This Organizing System Won’t Work

Failure Organizing Success Systems

The other day, I was walking from where I parked along the street to a client appointment. As I neared the turn, this is what I saw.

You can see in the photo that there is a sidewalk that ends at the place where people are supposed to cross the street. The sidewalk slopes gently downward, making it easier for strollers and wheelchairs. Although you cannot see it in the photo, there is also a crosswalk in the road at this location. Clearly, the plan was for people to walk to the end of the sidewalk and cross at this point.

In spite of this design, it is obvious that most people don’t seem to be walking along the intended course. Instead, as you can see, there is a path worn in the grass where people are stepping off of the sidewalk, walking through the grass, and crossing at a different spot.

There are probably some good reasons why pedestrians are choosing to step off of the designated course. Most likely, it is quicker and easier to take the shortcut. Maybe it takes too long to wait for the “walk” sign to appear, and by walking this way, people can duck behind the line of cars rather than wait for them to drive out onto the main road.

This situation got me thinking about why systems in general, and organizing systems in particular, often fail. At the risk of stating the obvious, for a system to work, we have to use it. We can have beautifully organized spaces, cutting edge containers, pretty labels, and color-coordinated files, but if our belongings are not making their way back into their designated locations, the system is failing.

As with the path in the grass, it is honest to observe that people tend to choose the path of least resistance. We are busy and there is a lot to do, so we often fall into the pattern of putting things in the most convenient location: the pile on the counter, the back of the chair, the treadmill, the floor, etc. Surprisingly, the tiniest of hurdles is often enough to deter us from returning items to their proper homes, such as:
Having to remove a lid Needing to walk up a flight of stairs Disliking the process of using a hanger Not being able to reach high enough Needing to lift some items “off” in order to put something back underneath Having to complete more than one step (e.g. first putting the disc back in the case, then putting the case in the cabinet) Having to shove or stuff items to get them to fit Not remembering where things are supposed to go Disliking the process of folding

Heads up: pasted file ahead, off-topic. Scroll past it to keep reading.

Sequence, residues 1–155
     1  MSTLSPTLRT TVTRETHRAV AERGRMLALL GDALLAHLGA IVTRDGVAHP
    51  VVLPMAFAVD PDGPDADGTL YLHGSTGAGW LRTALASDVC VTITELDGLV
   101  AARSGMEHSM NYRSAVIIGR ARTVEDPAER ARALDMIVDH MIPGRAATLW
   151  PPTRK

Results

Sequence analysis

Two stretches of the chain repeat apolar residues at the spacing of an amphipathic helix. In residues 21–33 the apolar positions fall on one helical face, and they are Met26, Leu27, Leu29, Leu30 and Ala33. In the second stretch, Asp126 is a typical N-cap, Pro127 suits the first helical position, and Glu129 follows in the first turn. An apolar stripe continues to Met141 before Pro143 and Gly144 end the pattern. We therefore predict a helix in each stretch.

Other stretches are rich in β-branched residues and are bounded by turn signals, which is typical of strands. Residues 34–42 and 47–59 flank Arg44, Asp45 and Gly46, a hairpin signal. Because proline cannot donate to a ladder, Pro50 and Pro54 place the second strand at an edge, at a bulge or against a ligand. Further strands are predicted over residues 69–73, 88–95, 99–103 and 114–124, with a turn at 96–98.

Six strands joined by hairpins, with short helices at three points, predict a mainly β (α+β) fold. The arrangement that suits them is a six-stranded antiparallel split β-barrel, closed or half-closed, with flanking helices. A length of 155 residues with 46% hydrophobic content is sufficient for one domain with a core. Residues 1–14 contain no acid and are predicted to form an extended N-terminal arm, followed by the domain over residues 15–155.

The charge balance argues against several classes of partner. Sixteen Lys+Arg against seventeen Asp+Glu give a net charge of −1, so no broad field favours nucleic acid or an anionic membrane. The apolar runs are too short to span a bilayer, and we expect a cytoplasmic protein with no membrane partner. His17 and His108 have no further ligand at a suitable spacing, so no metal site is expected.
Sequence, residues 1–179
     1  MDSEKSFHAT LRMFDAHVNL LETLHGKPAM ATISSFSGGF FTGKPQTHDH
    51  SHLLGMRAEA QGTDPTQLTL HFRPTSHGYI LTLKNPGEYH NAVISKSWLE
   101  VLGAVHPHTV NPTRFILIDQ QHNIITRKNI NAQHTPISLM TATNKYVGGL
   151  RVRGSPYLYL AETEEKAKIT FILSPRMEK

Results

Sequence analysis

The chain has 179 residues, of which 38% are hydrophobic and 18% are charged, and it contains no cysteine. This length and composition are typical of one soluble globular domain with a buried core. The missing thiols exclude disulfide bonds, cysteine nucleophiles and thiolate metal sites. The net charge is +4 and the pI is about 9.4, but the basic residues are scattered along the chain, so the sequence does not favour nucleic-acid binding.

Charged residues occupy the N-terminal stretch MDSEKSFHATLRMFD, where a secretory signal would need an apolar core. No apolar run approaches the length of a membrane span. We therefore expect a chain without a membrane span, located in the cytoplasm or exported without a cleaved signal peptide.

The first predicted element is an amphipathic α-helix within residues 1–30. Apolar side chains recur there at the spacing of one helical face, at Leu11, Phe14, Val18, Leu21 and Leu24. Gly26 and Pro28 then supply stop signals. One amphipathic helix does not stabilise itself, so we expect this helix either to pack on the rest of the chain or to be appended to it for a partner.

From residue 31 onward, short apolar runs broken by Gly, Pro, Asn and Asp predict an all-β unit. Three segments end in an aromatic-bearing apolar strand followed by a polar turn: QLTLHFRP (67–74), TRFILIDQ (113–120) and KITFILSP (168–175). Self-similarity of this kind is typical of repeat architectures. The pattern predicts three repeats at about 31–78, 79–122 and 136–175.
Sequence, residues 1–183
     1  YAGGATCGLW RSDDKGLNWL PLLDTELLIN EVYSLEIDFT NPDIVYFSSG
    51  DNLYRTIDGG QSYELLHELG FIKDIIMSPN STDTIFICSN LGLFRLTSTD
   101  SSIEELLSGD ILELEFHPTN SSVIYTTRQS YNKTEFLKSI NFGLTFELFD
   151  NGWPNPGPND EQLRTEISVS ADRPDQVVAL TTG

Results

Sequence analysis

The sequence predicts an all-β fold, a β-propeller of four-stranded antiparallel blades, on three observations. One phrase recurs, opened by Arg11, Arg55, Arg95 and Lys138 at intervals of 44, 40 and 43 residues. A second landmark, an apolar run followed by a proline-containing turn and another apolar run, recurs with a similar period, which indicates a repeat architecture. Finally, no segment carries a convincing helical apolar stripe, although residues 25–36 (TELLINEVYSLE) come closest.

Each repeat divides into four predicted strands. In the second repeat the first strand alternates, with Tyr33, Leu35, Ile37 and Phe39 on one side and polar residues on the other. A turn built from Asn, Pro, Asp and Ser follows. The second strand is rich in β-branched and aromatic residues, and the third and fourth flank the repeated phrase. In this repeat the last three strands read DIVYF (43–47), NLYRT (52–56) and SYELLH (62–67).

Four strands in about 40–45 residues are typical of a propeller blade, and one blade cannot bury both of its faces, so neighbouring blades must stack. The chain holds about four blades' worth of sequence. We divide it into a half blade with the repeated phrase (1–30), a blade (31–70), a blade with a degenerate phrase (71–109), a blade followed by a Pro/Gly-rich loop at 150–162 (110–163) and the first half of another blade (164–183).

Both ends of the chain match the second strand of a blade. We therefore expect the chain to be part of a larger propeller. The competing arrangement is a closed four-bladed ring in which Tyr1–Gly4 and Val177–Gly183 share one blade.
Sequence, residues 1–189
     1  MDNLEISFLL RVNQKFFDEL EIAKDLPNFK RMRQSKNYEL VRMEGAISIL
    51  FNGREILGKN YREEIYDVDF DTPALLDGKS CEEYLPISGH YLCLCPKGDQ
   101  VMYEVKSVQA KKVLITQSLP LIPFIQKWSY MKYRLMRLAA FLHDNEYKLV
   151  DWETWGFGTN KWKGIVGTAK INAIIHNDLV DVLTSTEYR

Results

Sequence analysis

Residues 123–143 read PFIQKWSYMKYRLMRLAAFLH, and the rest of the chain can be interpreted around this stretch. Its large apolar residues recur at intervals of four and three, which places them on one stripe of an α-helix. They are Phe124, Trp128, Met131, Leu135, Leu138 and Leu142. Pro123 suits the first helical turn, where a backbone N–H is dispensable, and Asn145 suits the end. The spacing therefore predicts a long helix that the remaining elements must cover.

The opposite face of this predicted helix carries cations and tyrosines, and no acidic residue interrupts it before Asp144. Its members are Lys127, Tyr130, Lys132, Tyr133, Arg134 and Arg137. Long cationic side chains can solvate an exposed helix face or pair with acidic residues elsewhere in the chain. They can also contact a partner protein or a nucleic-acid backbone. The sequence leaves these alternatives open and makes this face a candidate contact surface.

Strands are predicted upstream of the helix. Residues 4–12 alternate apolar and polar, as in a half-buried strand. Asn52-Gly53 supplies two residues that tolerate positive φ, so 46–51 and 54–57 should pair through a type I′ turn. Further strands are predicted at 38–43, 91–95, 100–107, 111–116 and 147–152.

At the end of the day, the best system is the one you will use.
If you won’t walk up the stairs with your paperwork, then having a second floor office might not be a good idea for you. If you hate using hangers, you might be better off with hooks in cubbies than with a closet. If you can’t reach ¾ of your kitchen cabinets, you might need to keep a rolling stool in your kitchen, and/or relocate your dishes to a drawer instead of a high shelf. If you find you are piling items instead of putting them back into original containers, it might make sense to set up a “grouping” solution that skips the interim step. (e.g. a multiple game case/wallet vs. original plastic boxes) If your drawers are so full that you can’t open them, it might be worthwhile to shed a few items If you hate folding clothes, perhaps you might set aside a few drawers for things that really do not need to be folded (bathing suits, underwear, bras, workout shorts, etc.), and be content with simply dropping pieces inside.
Knowing yourself is very important when it comes to getting and staying organized. It is critical to be honest when considering what level of energy you are willing to exert for the purpose of maintaining an organized space. It is also helpful to ask yourself, “Where would my intuition send me if I were trying to find this item?” It might seem logical to store your corkscrew near the wine, but if you are more likely to reach inside the drawer where the can opener is, put it there!

For some people an infatuation with “all things neat and orderly” is sufficiently motivating to spur an investment of time into resetting a space. However, many people find that this payoff isn’t powerful enough to make them put everything away. A good system is less about looking good or “making sense,” and more about getting used.

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Take a look around your room. Do you see any equivalents of the “shortcut in the grass?” Can you identify any storage solutions that you avoid utilizing?
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Organizing Success Systems Failure Organizing

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